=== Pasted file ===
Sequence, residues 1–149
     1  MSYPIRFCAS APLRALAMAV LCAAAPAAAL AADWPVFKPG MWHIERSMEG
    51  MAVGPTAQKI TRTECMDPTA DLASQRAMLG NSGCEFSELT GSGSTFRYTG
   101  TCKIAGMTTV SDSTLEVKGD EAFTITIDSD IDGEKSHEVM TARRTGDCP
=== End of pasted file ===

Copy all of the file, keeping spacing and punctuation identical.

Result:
Sequence, residues 1–149
     1  MSYPIRFCAS APLRALAMAV LCAAAPAAAL AADWPVFKPG MWHIERSMEG
    51  MAVGPTAQKI TRTECMDPTA DLASQRAMLG NSGCEFSELT GSGSTFRYTG
   101  TCKIAGMTTV SDSTLEVKGD EAFTITIDSD IDGEKSHEVM TARRTGDCP